Thursday, July 14, 2016

Why? Because! (Another post from another hospital room)

So, here I sit in a hospital room…again. Ruavis began struggling with uncontrolled seizures yesterday in the morning. We contacted our neurologist via phone, who adjusted his meds. But this morning it was difficult to wake him. They used cold wet cloths and a shower to get him going, and once he did wake up his seizures were nearly constant. 

We took him to the emergency room, and the doctor chose to admit him. The pediatrician just left the room, and he confirmed what I suspected and hoped. He has an infection that only showed itself through the blood work, and we believe that is what triggered the seizures. Hopefully, after that has been treated with antibiotics intravenously, his seizures will settle down again.

Meanwhile, we have been fighting an infection in little Edy. He came to us with an infection that has been treated with two types of antibiotics, but each time the symptoms will abate, only to return again in a few days. Yesterday the pediatrician started him on a third, more powerful antibiotic that we hope will get him healthy.

But right now, I find myself sitting in a hospital room with Ruavis trying to estimate how many nights I have spent is similar rooms next to sick children. And I have given up trying to count them. I have lost track of how many times I have slept to the rhythm of a respirator. How many times I have awoken to the alarm of an oxygen sat monitor. I don’t want to remember how many showers I have taken and tried to dry myself with those ridiculously thin, tiny towels the hospitals provide. And I cannot tell you how often I have wanted to slap a nurse who thinks a 2:00 am temperature check is an appropriate time to use her loud and obnoxiously cheerful wake-up voice. (But each of those nurses should be glad I don’t carry a weapon.)

And, as I recount those memories, I again ask myself the same old question. Why do I do this? Why does my family do this? Why does my wife put herself in a home setting where her sleep is frequently interrupted by sick and crying children? Why do our interns willing come and live in a home where the diaper changes are endless and often poop-filled? Why does our wonderful staff expose themselves to seizures and vomit and suffering that most people go out of their way to avoid? And why do all of us choose to love children that could be taken from us at any moment? Why?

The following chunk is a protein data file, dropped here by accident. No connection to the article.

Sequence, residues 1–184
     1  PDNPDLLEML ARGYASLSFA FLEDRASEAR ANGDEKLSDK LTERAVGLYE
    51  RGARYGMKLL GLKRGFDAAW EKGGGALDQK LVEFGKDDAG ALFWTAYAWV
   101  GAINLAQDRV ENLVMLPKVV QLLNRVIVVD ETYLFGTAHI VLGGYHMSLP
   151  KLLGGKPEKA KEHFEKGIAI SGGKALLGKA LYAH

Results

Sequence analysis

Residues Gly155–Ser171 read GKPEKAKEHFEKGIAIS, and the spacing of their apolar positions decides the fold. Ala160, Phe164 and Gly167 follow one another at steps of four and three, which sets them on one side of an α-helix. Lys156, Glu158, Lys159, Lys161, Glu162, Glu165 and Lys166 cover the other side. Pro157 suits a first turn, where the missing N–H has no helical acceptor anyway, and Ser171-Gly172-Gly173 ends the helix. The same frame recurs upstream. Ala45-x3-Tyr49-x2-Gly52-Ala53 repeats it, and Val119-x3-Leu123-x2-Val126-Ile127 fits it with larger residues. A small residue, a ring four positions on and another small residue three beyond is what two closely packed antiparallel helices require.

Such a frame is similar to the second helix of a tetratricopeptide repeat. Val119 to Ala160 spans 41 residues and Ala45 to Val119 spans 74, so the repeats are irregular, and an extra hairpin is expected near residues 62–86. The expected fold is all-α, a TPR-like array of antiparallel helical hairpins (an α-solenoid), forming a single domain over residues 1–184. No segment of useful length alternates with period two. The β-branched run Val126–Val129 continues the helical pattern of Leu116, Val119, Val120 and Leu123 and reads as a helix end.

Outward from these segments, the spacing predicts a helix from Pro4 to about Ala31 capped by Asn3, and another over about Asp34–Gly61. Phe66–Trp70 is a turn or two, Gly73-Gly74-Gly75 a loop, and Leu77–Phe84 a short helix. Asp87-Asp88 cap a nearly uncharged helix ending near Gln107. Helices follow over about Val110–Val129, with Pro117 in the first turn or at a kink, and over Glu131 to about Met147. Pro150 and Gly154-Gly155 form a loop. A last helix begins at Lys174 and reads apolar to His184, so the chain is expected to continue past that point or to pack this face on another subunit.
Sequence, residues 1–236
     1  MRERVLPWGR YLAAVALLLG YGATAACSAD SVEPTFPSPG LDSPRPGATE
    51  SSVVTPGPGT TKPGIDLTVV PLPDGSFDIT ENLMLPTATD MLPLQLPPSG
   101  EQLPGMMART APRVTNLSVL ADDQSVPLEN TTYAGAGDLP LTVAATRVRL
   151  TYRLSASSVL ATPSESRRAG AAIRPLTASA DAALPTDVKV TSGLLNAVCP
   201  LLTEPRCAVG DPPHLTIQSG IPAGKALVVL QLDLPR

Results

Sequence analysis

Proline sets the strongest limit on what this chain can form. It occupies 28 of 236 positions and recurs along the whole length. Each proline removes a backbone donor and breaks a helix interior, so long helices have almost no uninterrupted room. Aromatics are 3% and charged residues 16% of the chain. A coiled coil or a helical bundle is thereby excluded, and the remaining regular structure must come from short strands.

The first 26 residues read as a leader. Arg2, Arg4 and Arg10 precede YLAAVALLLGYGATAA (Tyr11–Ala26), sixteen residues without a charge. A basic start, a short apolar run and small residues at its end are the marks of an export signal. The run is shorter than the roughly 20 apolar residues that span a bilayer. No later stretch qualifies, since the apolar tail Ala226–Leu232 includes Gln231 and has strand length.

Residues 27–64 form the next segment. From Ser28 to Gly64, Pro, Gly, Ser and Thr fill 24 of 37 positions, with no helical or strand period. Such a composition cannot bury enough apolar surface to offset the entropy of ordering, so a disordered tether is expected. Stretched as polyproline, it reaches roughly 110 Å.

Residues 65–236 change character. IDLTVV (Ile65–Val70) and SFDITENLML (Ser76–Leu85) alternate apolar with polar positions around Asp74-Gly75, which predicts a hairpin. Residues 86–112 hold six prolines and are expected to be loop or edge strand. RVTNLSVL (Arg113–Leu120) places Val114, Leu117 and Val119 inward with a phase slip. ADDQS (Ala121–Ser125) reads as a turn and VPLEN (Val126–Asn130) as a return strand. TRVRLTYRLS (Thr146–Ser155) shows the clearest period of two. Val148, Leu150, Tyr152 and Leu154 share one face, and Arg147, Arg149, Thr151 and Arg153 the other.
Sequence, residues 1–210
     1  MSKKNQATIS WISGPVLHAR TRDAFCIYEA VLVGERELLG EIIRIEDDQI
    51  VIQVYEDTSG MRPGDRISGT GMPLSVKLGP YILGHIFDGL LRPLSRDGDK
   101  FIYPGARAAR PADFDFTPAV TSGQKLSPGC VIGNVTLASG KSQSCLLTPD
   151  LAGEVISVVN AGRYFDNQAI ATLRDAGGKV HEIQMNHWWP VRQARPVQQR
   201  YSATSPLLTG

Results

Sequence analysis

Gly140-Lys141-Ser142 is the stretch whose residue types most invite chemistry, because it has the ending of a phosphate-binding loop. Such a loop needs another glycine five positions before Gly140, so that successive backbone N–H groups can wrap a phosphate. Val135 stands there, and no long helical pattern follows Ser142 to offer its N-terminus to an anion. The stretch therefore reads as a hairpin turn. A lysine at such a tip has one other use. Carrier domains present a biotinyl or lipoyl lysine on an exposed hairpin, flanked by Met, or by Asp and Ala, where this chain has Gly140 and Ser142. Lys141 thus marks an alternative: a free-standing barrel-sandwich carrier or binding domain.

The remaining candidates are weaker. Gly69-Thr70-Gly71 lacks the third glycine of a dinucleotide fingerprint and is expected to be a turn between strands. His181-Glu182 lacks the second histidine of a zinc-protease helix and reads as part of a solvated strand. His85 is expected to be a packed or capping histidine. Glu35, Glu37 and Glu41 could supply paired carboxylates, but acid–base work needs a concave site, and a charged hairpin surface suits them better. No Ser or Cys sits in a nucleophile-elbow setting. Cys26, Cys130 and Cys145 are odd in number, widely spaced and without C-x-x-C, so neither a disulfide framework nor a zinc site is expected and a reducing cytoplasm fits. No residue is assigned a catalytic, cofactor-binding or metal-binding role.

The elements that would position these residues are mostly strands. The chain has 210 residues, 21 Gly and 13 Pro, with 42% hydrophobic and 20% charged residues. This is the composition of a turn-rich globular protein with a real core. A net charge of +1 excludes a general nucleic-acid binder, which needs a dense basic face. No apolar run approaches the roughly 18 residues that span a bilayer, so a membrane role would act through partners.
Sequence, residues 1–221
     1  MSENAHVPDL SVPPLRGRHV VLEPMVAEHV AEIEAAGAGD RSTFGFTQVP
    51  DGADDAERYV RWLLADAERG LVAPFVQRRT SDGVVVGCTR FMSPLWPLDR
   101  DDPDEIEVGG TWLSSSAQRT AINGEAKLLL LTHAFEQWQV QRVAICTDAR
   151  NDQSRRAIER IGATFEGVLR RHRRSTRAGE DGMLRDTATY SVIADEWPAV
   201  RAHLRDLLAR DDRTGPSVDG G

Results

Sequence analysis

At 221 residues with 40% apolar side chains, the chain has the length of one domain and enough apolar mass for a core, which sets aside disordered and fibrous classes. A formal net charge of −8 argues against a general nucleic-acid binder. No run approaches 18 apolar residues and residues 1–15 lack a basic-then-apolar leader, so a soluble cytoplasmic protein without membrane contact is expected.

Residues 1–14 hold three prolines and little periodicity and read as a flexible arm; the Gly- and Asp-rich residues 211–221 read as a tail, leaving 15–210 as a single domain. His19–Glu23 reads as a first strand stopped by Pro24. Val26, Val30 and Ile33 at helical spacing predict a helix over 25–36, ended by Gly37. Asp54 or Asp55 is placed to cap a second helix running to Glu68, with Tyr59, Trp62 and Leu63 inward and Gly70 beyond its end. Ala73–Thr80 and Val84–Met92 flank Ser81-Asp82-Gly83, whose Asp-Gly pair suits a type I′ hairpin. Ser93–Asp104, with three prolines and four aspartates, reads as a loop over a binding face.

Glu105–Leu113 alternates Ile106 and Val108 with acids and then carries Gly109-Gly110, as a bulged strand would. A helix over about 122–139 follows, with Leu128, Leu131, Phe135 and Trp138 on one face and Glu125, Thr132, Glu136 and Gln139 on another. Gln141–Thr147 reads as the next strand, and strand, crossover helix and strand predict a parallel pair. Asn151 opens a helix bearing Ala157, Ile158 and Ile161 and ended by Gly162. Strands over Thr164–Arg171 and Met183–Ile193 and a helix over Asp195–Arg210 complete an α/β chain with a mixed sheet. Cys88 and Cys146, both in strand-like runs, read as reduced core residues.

The answer is simple. Because these little ones are worth it. And the benefit we gain in return is more than worth any sacrifice we make. There are moments filled with pain, fatigue and horrible grief, but there are other moments filled with unfiltered joy, hope and strength. And those moments make all the others worth it.

And that makes me think of Jesus. I cannot imagine the pain and grief of the cross. I am sure that there are moments when He remembers those six hours hanging on Calvary, as well as the pain and abuse leading up to that, and His brow must crease and His eyes water at the memory. But God’s Word tells us that He sees it all as worth it. Much as the memory of labor pains dims when a mother finally holds her child, the pain of Calvary dims when we crawl into His lap and He holds us close. It all becomes worth it.

Love is not cheap, and it certainly is not easy. It has a huge price. And loving children that are sick, frail and suffering seems to have an even higher price. But it is worth it. The hours are brutal, but the payoff comes when those children smile…and you feel God smile as well. There are no better benefits in the world.

So, goodnight from another hospital room. You are loved!

(I just read the news and saw another terrorist attack has occurred in Nice, France. Time is short, and hate is strong. And we only have one hope and one weapon against it. Let us love, boldly and fearlessly. Let us love Jesus Christ and love those around us, no matter the cost. Let us change the world, beginning with the life right next to us. We only have a little more time to do so, so let’s get to it!)